NEW DELHI -- The Supreme Court on Tuesday said it will not re-examine its 1995 verdict on Hindutva at this stage as it is not the reference for hearing electoral malpractice issues.
A seven-judge constitution bench, headed by Chief Justice T S Thakur, said the court will not go into the larger debate as to what is Hindutva or what is its meaning and will not re-consider the 1995 judgement.
The apex court is hearing a matter related to electoral malpractices arising out of its 1995 judgement, popularly known as the 'Hindutva' verdict.
The remarks were made by the bench when some advocates sought to intervene in the ongoing hearing which commenced last Tuesday.
Last week, social activist Teesta Setalvad had sought to intervene in the matter with an application stating that religion and politics should not be mixed and a direction be passed to de-link religion from politics.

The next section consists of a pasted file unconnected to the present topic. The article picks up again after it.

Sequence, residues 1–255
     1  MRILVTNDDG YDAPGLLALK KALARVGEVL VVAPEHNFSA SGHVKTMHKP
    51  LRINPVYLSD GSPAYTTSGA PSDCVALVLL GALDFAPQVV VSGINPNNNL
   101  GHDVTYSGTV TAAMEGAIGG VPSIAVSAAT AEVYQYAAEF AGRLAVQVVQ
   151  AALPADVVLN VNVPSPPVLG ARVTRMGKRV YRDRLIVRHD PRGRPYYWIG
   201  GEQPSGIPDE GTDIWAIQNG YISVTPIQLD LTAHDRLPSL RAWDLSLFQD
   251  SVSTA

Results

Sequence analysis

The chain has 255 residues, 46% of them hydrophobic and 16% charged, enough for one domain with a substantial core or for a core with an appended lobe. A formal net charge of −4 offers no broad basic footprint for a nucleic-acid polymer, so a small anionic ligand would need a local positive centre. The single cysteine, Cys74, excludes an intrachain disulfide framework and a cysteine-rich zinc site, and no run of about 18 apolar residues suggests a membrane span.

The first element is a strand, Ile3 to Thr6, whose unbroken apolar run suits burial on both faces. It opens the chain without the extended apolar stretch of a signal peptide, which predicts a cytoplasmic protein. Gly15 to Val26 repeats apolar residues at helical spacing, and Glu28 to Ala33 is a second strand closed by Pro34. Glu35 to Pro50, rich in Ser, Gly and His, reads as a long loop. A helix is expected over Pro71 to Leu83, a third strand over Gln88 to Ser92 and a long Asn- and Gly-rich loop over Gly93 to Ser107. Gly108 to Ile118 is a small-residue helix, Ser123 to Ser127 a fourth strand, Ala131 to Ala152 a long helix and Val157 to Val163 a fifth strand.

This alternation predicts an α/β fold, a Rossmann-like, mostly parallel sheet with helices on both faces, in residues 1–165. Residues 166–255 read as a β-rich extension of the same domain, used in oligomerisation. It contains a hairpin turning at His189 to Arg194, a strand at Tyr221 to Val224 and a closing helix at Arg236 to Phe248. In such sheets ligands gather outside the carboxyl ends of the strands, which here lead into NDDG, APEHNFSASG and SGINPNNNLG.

The apex court bench also comprised Justices M B Lokur, S A Bobde, A K Goel, U U Lalit, D Y Chandrachud and L Nageshwar Rao, said.
The remarks were made by the bench when, at the outset of the hearing, some advocates sought to intervene in the ongoing hearing which commenced last Tuesday.
The apex court instead took up a separate plea filed in 1990 whether seeking of votes in the name of religion will amount to a corrupt practice under the Representation of the People Act warranting disqualification.
It maybe recalled that the Bombay High Court had set aside the election of Shiv Sena leader Manohar Joshi in the mid-1990s. The matter was then moved to Supreme Court, which in 1995 overturned the high court order saying Hindutva is a way of life.
Since then, the issue was raised in the top court many times, including in 2002 when the court referred the matter to a seven-judge bench for clarity.
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